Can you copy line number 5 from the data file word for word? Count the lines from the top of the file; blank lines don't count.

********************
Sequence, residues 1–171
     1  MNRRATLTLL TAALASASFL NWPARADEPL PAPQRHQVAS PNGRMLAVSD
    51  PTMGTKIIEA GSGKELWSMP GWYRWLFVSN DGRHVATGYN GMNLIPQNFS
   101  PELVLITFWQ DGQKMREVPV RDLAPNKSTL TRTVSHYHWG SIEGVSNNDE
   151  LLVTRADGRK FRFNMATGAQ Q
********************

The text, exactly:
   151  LLVTRADGRK FRFNMATGAQ Q